St. Kitts and Nevis undoubtedly rank among the most naturally beautiful of the Caribbean islands, and that beauty lends itself quite well to a wide range of outdoor activities. The islands' tall, volcanic mountains, covered with lush vegetation, are perfect for hiking and exploring, while the inviting azure-blue waters of the Caribbean are ideal for swimming, sailing, fishing, and diving. The islands' three golf courses, two of them professional calibre, are uncrowded and challenging. The beautiful Trent Jones course on Nevis is internationally ranked.
The capital of Nevis, Charlestown, is a particularly modest and charming town. With a population of only 1,500, Charlestown is the sort of place in which you can still feel the tranquillity and the quiet sense of remove that characterised the traditional Caribbean. Life on Nevis is in general quite calm; in Charlestown, it seems to be punctuated by only two events each day--the arrivals of the morning and the afternoon ferry from St. Kitts. Whenever a ferry comes in, a small crowd gathers to watch the wares being unloaded and brought to the nearby open market on the waterfront.
Nevis is famous the world over for its miles-long picture-perfect Pinney's Beach. Smooth, soft, sugar-white fine sands are punctuated by coconut palms and just behind the beach lies a uniquely South-Pacific like lagoon. Pinney's is never crowded and the water, calm and shallow, is perfect for swimming and wading. Other beaches include Qualie Beach in a sheltered cove perfect for swimming, windsurfing, sailing and kayaking, Cades Bay Beach and Lover's Beach.
Visit the birthplace of the great American statesman Alexander Hamilton. The original house, built in 1680, was destroyed by an earthquake in 1840. There now stands on the site a carefully constructed replica. Inside is a fine museum, dedicated not only to Hamiltonian memorabilia but also to Nevisian history.
Cotton Ground is a diminutive village situated close by to Nelson's Spring, the picturesque fresh water source from which Horatio Nelson is said to have replenished his ship's supply of drinking water during his tour in the Leeward Islands.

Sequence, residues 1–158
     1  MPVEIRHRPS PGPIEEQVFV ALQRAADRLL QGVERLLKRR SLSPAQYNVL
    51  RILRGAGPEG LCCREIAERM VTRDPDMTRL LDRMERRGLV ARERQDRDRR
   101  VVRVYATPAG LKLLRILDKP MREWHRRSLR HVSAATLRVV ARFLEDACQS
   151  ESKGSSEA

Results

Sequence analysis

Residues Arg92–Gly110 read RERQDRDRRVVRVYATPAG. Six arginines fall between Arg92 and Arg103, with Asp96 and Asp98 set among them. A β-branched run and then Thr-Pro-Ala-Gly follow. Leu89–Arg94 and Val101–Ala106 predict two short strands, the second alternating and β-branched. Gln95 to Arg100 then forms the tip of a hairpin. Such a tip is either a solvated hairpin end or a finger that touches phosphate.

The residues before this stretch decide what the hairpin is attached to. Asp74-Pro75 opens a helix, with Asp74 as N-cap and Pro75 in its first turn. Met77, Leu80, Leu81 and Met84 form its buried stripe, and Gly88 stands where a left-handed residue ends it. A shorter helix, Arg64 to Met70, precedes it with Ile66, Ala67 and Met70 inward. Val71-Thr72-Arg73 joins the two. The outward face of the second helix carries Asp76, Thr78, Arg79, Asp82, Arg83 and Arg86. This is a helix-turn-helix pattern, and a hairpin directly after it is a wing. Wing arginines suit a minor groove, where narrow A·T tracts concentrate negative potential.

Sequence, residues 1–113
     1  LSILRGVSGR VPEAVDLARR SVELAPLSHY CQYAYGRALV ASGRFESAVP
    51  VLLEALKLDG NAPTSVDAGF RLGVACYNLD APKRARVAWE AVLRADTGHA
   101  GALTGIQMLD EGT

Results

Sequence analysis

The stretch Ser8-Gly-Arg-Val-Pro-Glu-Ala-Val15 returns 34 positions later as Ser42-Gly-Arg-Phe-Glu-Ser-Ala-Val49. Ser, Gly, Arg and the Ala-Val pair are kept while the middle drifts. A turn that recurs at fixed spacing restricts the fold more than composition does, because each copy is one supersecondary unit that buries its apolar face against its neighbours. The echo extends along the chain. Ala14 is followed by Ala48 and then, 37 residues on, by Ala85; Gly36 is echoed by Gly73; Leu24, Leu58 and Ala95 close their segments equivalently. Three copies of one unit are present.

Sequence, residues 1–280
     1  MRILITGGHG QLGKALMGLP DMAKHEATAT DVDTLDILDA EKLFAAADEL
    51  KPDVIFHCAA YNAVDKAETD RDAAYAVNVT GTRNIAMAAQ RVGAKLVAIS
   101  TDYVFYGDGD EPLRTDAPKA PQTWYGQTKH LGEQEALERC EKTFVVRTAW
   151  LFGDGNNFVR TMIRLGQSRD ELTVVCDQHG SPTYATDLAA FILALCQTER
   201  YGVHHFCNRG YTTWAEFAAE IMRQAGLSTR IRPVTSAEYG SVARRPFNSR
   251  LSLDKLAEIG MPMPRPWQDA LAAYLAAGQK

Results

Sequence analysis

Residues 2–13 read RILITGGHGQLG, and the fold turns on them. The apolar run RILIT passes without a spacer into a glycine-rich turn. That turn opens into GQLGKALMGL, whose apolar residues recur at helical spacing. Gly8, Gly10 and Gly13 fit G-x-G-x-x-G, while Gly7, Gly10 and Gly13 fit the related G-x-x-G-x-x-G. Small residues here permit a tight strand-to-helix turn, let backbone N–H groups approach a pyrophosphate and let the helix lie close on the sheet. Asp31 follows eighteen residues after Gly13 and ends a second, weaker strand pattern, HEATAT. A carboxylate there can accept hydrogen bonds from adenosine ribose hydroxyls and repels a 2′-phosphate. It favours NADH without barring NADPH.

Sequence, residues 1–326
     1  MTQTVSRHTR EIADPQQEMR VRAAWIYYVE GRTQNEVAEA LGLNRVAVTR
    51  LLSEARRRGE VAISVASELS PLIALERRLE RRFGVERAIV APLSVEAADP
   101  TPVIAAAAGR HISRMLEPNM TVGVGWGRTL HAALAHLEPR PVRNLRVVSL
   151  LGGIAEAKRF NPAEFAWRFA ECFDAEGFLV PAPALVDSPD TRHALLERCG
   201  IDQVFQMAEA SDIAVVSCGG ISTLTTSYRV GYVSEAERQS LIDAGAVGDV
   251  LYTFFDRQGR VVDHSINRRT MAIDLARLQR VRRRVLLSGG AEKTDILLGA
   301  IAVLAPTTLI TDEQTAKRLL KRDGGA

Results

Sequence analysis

The rise on which Fort Ashby is located is said to look out over the spot on which Jamestown, Nevis' first capital, once stood. According to legend, the town is supposed to have slid into the sea when an earthquake and subsequent tidal wave hit in 1680. Despite claims that ruins can be seen under the sea when the sand shifts, and rumours that during the full moon Jamestown's church bells can be heard tolling from under the waves, it seems that the town was in fact damaged (and not sunk) during the well-documented earthquake of 1690, only to be slowly abandoned over the following decades.
In Fig Tree village in the church is registered the birth of Alexander Hamilton(in1857) and the wedding of Horatio Nelson and Frances Nesbitt in 1787. Little survives of Montpelier House which was once a prosperous estate and the site of Lord Nelson's marriage to fanny Nisbett. Only the crumbling gate and a few romantic columns remain of the old manor house.
The Eden Brown Estate, a haunting gray ruin, was built by a wealthy Nevisian planter as a wedding gift for his daughter. However, on the eve of the wedding, in a drunken duel, the daughter's fiance and the best man killed each other. In addition to the evocative power of the ruins themselves, the estate is said to be home to the ghost of the ill-fated bride-to-be.